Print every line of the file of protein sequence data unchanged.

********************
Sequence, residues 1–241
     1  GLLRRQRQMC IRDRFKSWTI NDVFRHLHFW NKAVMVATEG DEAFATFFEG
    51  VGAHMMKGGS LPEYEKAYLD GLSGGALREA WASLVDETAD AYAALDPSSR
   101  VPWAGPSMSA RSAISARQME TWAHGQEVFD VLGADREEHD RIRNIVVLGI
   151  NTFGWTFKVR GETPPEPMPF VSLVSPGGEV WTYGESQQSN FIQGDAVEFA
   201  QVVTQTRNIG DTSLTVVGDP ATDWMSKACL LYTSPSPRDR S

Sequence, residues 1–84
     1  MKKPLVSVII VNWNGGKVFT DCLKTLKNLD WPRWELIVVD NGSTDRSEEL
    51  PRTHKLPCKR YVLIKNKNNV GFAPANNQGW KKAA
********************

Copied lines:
Sequence, residues 1–241
     1  GLLRRQRQMC IRDRFKSWTI NDVFRHLHFW NKAVMVATEG DEAFATFFEG
    51  VGAHMMKGGS LPEYEKAYLD GLSGGALREA WASLVDETAD AYAALDPSSR
   101  VPWAGPSMSA RSAISARQME TWAHGQEVFD VLGADREEHD RIRNIVVLGI
   151  NTFGWTFKVR GETPPEPMPF VSLVSPGGEV WTYGESQQSN FIQGDAVEFA
   201  QVVTQTRNIG DTSLTVVGDP ATDWMSKACL LYTSPSPRDR S

Sequence, residues 1–84
     1  MKKPLVSVII VNWNGGKVFT DCLKTLKNLD WPRWELIVVD NGSTDRSEEL
    51  PRTHKLPCKR YVLIKNKNNV GFAPANNQGW KKAA